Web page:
Do you have the right to be anonymous online? If so, when? Anonymity protects Syrian political activists, internet trolls and criminals alike. There are no easy answers.
Jessica Hill and Stilgherrian
(Credit: Neerav Bhatt)
Protecting dissidents from oppressive governments is usually seen as a good thing. But protesters hiding from police forces in countries like Australia or the United States are often portrayed as dangerous radicals or even terrorists.
Commercial forces are making it harder to stay anonymous, too. Online services want users to identify themselves with their real names, but we've previously heard how Google's real-names policy has been controversial.
Last week, I took part in a media140 Australia panel discussion on digital anonymity, along with Jessica Hill from ABC Radio current affairs, David Stewart from law firm Wrays and Karalee Evans from public relations firm Text 100. On this week's Patch Monday podcast, you'll hear my personal highlights.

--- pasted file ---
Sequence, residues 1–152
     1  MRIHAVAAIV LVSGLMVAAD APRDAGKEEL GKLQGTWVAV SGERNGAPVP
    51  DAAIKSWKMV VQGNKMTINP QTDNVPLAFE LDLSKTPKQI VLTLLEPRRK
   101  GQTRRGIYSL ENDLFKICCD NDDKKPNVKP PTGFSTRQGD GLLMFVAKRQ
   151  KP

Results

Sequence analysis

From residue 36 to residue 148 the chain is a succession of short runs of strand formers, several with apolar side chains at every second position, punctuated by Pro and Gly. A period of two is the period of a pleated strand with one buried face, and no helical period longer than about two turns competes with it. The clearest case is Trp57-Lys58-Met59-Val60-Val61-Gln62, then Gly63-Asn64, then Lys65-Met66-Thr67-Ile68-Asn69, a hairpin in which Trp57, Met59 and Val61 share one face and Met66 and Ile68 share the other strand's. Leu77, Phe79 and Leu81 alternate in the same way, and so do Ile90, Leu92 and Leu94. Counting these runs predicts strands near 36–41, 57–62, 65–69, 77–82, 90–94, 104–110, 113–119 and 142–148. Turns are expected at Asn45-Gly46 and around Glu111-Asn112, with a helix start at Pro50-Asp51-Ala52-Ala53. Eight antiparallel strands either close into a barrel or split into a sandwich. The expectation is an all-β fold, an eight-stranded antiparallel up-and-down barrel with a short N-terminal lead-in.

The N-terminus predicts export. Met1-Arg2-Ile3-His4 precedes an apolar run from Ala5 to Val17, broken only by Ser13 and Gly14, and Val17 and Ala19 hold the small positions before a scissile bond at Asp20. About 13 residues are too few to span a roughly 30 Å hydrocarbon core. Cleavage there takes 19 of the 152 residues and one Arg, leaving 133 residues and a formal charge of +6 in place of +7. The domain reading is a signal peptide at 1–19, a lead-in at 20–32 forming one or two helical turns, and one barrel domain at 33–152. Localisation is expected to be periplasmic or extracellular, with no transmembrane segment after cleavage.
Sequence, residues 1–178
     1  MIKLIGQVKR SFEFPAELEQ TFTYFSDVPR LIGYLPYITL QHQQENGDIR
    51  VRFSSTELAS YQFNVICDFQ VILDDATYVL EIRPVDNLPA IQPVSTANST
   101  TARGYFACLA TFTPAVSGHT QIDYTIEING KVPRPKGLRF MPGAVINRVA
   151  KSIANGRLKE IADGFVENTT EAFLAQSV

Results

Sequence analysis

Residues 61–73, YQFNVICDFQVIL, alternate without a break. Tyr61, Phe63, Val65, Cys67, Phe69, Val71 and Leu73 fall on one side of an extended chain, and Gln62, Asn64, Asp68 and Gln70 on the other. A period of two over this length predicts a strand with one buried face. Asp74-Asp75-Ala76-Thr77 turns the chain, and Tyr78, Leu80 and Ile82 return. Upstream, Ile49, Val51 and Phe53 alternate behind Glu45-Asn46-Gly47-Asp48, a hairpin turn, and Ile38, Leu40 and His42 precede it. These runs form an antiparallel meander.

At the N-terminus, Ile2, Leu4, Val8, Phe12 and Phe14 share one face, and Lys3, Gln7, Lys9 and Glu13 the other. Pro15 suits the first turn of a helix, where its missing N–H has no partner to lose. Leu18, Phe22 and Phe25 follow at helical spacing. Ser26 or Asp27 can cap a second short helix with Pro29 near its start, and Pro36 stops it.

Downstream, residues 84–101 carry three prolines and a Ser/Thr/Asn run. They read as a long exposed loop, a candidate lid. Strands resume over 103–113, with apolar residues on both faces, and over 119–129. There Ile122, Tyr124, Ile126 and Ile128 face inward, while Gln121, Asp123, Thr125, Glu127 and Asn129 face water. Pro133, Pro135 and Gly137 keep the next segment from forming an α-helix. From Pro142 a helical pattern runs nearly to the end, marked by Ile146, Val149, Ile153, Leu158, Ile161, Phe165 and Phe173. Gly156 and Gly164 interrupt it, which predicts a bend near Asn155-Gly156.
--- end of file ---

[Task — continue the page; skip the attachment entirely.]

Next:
Hill, for example, has been covering political events in the Middle East. For the safety of her contacts, privacy-enhancing tools, like TOR, which masks a user's internet protocol (IP) address, are essential. Yet from Stewart's point of view, TOR makes it hard to track down phishers and other criminals, and he hates TOR with a passion.
To leave an audio comment on the program, Skype to stilgherrian, or phone (02) 8011 3733.
Audio of the full two-hour panel discussion will soon be available at media140.com.
Running time: 31 minutes, 23 seconds